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The National Museum of Villa Guinigi is situated in Via della Quarquonia, on the eastern side of the city, outside Porta San Gervasio and adjacent to the outside of the 13th century Lucca’s walls, nearby the palace of the Marquises of Tuscia.

The main art museum in Lucca hosts a rich collection of Ligurian, Etruscan and Roman remnants, funerary urns, columns and sculptures; religious sculptures, medieval carvings and capitals proceeding from the principal ancient churches in the city, as well as from the magnificent Cathedral of San Martino. It also houses an important collection of antique coins and of inlaid panels from the Late Middle Ages, as well as a not very large but worthy painting collection, coming for the most part from the 14th and 15th centuries.

The imposing red-brick “Villa Guinigi”with opened gallerieson the two façades, with arches supported by slim columns with carved capitals, and a continuous sequence of mullioned windows on the upper floor with, was the country residence of Paolo Guinigi, Lord of Lucca, who ruled the city between November 21st, 1400 and August 16th, 1430. The construction of the palace started in 1408, on occasion of the third marriage of Paolo Guinigi with the noblewoman Piacentina da Varano di Ridolfo Signore di Camerino.
Guinigi surrounded the palace by a marvellous garden lined with trees, flower patches, bushes, aviaries, terracotta statues, fountains and mosaic floorings. In 1430, after he was overthrown from power, the palace was held by the Republic of Lucca.
In the first decades of the 16th century “Villa Guinigi” was restored and subsequently rented. Some years later it was divided into three parts and two thirds were bought by prosperous families in Lucca. In 1860 the palace was completely restored and it recuperated for the most part its original internal features. In 1924 “Villa Guinigi” was the palace chosen by the Municipality of Lucca to be converted into the Town Museum. In 1948 the Italian State was already in possession of “Villa Guinigi” and in 1968 it was turn into the seat of the National Museum.

The art collections preserved in the Museum are considered among the most important ones related to Lucca’s history. Furthermore the well-known archaeological collection, the Museum houses a series of artworks, which represent the development of art in the city of Lucca and its province since the middle ages until the 18th century.

The northern open gallery displays Roman columns, capitals and fountains, while the southern open gallery hosts the impressive gravestones carved by the brilliant Senese sculptor Jacopo della Quercia (1374 ca.- 1438 ca.)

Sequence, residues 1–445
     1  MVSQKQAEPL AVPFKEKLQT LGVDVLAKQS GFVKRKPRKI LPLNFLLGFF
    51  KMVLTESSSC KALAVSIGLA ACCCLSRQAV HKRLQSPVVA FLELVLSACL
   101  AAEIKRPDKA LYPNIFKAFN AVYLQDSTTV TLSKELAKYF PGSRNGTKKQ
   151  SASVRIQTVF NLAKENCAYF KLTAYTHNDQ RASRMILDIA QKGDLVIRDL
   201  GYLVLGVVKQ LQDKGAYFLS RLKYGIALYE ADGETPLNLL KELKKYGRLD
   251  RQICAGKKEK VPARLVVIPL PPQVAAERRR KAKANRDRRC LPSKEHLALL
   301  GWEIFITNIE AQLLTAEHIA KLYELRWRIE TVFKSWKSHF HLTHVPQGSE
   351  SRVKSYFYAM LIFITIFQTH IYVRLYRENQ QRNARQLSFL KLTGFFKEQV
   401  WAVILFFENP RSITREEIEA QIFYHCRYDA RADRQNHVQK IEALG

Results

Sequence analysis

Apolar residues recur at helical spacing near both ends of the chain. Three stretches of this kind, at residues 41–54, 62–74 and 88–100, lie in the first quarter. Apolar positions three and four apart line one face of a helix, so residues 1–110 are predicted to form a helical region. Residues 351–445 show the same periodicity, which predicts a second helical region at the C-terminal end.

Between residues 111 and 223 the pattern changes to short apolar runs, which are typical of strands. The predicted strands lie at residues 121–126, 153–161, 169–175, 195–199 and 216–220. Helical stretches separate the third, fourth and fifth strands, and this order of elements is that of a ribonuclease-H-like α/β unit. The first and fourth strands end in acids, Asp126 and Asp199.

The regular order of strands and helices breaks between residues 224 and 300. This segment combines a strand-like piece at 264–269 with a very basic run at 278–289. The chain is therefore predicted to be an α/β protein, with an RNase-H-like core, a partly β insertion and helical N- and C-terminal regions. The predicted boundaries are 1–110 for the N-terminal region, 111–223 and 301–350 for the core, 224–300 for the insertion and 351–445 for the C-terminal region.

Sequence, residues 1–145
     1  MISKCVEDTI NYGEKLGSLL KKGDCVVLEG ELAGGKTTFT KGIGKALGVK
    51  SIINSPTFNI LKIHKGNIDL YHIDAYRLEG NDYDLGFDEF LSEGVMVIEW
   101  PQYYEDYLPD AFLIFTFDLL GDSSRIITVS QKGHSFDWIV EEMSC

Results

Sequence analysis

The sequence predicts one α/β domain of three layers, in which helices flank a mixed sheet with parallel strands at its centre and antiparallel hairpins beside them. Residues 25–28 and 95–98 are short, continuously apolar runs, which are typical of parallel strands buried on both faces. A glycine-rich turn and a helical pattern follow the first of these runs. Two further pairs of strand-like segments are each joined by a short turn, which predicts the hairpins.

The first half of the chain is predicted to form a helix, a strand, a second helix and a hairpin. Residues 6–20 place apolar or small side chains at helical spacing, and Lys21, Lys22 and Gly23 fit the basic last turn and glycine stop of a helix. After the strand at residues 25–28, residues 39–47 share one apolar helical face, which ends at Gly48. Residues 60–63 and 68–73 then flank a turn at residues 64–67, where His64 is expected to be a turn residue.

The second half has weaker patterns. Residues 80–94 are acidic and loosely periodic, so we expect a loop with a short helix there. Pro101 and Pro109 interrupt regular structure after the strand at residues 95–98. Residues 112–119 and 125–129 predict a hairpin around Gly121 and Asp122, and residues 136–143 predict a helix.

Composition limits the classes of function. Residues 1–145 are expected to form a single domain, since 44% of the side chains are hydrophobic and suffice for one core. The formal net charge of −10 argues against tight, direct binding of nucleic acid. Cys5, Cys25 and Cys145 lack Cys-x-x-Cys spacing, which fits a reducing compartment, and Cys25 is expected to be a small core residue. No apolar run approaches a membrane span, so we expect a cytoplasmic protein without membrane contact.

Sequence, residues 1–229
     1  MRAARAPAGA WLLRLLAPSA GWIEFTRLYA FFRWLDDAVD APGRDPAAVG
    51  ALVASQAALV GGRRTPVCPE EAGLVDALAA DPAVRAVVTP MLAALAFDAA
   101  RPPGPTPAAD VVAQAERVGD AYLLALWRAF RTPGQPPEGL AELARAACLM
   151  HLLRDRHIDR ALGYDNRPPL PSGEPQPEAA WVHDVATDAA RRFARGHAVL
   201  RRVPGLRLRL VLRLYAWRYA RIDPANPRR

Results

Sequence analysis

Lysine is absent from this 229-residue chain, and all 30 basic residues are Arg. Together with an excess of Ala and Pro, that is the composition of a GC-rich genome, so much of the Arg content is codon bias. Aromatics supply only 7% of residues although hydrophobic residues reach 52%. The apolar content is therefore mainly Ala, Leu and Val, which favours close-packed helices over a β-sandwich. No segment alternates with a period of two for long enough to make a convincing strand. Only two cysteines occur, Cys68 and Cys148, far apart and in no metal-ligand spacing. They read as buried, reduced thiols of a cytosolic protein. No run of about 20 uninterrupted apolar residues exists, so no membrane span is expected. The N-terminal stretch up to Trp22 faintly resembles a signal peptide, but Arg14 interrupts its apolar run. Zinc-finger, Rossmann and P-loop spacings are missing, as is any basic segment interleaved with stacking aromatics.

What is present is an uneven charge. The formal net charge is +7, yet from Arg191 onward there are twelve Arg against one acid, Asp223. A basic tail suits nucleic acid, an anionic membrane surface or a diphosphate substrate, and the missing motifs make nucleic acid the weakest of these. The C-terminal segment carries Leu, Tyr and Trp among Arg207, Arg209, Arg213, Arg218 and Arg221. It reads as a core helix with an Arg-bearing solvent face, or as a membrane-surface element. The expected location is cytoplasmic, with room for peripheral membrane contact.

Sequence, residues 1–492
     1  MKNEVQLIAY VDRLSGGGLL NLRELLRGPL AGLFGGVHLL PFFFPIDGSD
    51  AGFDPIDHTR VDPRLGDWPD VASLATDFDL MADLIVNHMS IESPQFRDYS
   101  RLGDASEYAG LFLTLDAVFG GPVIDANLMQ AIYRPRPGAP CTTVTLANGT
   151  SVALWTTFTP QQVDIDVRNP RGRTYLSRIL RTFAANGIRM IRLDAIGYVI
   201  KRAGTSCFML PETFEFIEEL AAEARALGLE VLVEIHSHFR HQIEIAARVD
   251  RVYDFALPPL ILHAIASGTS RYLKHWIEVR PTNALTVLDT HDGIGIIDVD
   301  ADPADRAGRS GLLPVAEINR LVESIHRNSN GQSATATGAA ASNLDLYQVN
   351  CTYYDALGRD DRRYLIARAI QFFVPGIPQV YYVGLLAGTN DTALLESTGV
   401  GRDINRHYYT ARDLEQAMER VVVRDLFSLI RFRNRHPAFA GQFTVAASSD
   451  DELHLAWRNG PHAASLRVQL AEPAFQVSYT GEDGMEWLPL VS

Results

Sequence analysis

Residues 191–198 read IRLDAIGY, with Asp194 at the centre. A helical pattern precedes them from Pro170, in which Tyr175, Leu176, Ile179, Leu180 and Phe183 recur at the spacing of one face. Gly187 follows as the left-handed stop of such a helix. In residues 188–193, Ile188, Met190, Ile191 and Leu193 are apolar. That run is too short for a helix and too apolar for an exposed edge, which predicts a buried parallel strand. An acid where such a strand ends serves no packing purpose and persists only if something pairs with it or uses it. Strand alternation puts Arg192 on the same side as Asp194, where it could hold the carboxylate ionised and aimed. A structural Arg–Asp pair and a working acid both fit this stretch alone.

In the rooms located on the ground floor is displayed an unbelievable collection of Ligurian, Etruscan, Roman and Greek finds, as well as an important one of artworks from the Gothic, pre-Romanesque, Romanesque and Renaissance periods. Among them make stand out the notable Lucchese coins collection, which demonstrate the importance of the symbol of the “Volto Santo”- hosted in the Cathedral of San Martino- along the history of Lucca.

The rooms on the upper floor preserve a significant collection of inlaid  panels from the Late  Middle Ages, which were the forte of Lucca during that period, including the wonderful “Madonna con Bambino e S. Giovanni Evangelista” by the prestigious Byzantine stile Tuscan painter Ugolino Lorenzetti (active from 1320 ca. to 1360);  the treasured wooden cross by Berlinghiero Berlinghieri (active in Lucca from 1228 to 1232); the 15th century wood inlays representing scenes from Lucca and from the “Ponte del Diavolo” at Borgo a Mozzano, as well as the intarsia artworks created by the talented Emilian painter Cristoforo Canozzi da Lendinara (1420-1490 ca.)
Among the paintings stand out: the “Madonna con Bambino e Santi” by the celebrated Pisan painter Zanobi Machiavelli (1418 ca.-1479); the two paintings by the brilliant Tuscan artist Fra Bartolomeo (Savignano di Prato, 1472 – Florence, 1517): “Il Padre Eterno e Santi” and the “Madonna della Misericordia”.
The 18th century painting in Lucca is represented by three outstanding canvases by the illustrious artist Pompeo Girolamo Batoni (Lucca, 1708 – Rome, 1787): the “Martirio di San Bartolomeo”, the “Estasi di Santa Caterina” -once hosted in the churches of San Ponziano and Santa Caterina, respectively- and the portrait of the Archbishop Giovan Domenico Mansi.

The Museo Nazionale di Villa Guinigi opens from Tuesday to Sunday.
From 9:00 am to 7:00 pm (from Tuesday to Saturday). On Sunday: from 9:00 am to 2:00 pm.
The entrance ticket is 4 euros.

Other Pages about Lucca

Hystory and Origins

Must-See Monuments and Art in Lucca

- Il Duomo di San Martino - Palazzo dei Guinigi - Chiesa di San Michele in Foro - The native house of Giacomo Puccini

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